Ground investigation is critical to success of geotechnical design but what are the risks when the design is based on inaccurate or poor quality soil characteristics?
With use of finite element analysis becoming increasingly common, ever greater emphasis is being placed on having high quality ground investigation results to produce realistic design parameters. If consistency and accuracy of the soil testing on which this design work is based is called into question then how much additional risk is the ground engineering industry being exposed to?
Many of the UK’s soil testing laboratories take part in a bi-annual Proficiency and Interlaboratory Comparison Testing Scheme that allows labs to check their accuracy and benchmark themselves against others. The report for the 2017 scheme has just been published and, while some labs have performed well, a number of engineers have voiced concern over the variability of the results.
Lack of consistency between the results has also led calls for such testing schemes to be formally linked to accreditation.
In total 51 laboratories from across the UK took part in the scheme managed by Geolabs and undertook a suite of tests commonly specified following ground investigation work so should be standard tests that are done on a regular basis.
There were 16 standard tests and laboratories were invited to propose additional ones, which resulted in five other tests being added. The initial list of tests included determination of liquid and plastic limits determined by both four point and one point penetrometer; specific gravity by gas jar method; particle density by small pyconometer; particle size distribution by wet and dry sieve analysis; mechanical analysis by both pipette and hydrometer sedimentation; organic content by potassium dichromate method; water soluble sulphate and total sulphate content; pH value; compaction testing; California bearing ratio; and the moisture condition value of soil at a single moisture content.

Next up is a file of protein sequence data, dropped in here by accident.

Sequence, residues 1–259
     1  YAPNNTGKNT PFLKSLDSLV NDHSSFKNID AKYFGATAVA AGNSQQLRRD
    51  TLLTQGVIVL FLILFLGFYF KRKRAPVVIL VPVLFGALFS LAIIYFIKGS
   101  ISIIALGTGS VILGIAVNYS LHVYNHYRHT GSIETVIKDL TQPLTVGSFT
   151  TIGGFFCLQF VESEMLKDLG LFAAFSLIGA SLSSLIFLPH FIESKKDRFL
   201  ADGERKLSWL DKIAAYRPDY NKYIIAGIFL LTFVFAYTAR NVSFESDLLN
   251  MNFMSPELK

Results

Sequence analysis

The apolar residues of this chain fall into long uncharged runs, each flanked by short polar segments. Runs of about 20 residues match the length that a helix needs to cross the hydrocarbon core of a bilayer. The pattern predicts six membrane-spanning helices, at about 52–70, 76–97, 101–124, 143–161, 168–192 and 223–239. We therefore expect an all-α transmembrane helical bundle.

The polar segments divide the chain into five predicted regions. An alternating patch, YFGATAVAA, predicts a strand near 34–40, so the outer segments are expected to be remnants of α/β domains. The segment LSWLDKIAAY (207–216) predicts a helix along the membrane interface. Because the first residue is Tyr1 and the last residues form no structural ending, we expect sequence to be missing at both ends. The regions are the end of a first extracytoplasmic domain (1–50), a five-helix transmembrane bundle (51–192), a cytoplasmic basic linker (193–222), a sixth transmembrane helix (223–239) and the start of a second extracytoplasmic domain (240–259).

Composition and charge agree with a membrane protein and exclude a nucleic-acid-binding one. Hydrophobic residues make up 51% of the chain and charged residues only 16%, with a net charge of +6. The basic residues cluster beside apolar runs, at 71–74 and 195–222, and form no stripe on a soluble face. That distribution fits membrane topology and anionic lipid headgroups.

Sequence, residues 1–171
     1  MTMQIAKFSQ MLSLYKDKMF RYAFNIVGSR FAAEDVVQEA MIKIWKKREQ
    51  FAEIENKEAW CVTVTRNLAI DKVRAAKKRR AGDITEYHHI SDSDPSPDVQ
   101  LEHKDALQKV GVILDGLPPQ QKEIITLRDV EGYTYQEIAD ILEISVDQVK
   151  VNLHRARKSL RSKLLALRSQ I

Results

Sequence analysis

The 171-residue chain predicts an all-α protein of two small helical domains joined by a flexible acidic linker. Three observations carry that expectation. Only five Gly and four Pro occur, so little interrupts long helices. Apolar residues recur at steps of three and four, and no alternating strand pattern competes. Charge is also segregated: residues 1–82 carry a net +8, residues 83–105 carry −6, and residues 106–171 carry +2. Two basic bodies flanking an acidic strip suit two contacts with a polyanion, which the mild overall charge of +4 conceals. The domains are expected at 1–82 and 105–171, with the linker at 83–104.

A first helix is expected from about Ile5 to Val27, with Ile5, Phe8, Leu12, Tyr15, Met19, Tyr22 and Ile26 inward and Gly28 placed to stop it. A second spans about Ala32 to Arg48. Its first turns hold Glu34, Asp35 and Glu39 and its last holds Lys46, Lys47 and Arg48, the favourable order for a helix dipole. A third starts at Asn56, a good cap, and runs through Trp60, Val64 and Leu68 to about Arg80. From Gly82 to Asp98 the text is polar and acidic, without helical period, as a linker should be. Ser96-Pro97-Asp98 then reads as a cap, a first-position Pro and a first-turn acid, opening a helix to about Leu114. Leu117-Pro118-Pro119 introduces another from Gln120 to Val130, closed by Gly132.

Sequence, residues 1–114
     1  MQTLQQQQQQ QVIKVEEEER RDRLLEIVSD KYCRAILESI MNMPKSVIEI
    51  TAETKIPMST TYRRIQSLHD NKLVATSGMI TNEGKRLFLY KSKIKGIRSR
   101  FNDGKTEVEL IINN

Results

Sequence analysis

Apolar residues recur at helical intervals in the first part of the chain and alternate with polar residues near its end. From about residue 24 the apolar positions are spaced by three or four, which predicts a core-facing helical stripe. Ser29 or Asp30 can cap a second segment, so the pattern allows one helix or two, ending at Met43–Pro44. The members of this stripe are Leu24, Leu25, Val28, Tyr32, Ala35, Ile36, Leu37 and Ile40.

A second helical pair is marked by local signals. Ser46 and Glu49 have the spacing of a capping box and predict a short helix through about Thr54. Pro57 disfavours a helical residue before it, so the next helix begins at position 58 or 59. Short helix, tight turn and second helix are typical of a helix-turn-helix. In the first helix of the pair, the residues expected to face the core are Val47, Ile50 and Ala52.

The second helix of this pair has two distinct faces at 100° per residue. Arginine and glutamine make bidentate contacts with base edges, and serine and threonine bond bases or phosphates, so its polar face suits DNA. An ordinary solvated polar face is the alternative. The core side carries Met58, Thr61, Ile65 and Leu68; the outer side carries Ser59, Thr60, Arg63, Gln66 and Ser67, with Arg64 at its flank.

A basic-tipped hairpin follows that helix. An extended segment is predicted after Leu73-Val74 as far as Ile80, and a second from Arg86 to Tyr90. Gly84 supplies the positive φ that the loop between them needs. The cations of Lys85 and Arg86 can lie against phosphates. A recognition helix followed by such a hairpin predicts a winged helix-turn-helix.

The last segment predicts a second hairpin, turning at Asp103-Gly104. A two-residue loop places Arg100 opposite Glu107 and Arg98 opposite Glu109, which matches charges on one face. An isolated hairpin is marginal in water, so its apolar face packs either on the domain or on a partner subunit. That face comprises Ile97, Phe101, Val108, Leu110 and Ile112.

Tests added by demand from participants included determination of bulk density by immersion in fluid; state of desiccation in clay soil by the filter paper method; one dimensional consolidation properties in the oedometer using five effective pressures; and undrained shear strength in triaxial compression without measurement of pore pressure on a single 100mm diameter soil specimen.
Samples of the same material were supplied for the testing so results reported by participants should be similar. However, the report shows wide variation which has led to industry concern.
The report suggests that the variability could be the result of a number of factors including not following test procedures or criteria, faulty equipment or poor calibration and not following the specified report procedures.
The report states: “The aim of the scheme was not to determine the reason for the differences and variability as only factual reporting of submitted test data was requested but clearly there should be significant concerns with the performance and reporting of geotechnical testing in the UK.”
The report calls for further quality assurance procedures to be considered by laboratory management including more rigorous auditing of test procedures and a better understanding of test and reporting requirements.
The need for more staff training was also highlighted. The report calls for laboratory management and staff should make themselves more aware of the requirements of the test procedures and test reporting requirements and implement them into their internal auditing arrangements.
“There are many tests in the scheme where it is apparent that the procedures adopted and reporting do not comply with the test standards or what was required by the scheme”.
While the report names the laboratories that took part in the scheme, the result reported by each is only identified by number which is known to the laboratory, so it is effectively anonymous.
GE contacted UKAS, which accredits soil laboratories in the UK, for comment on the results but it has declined to comment.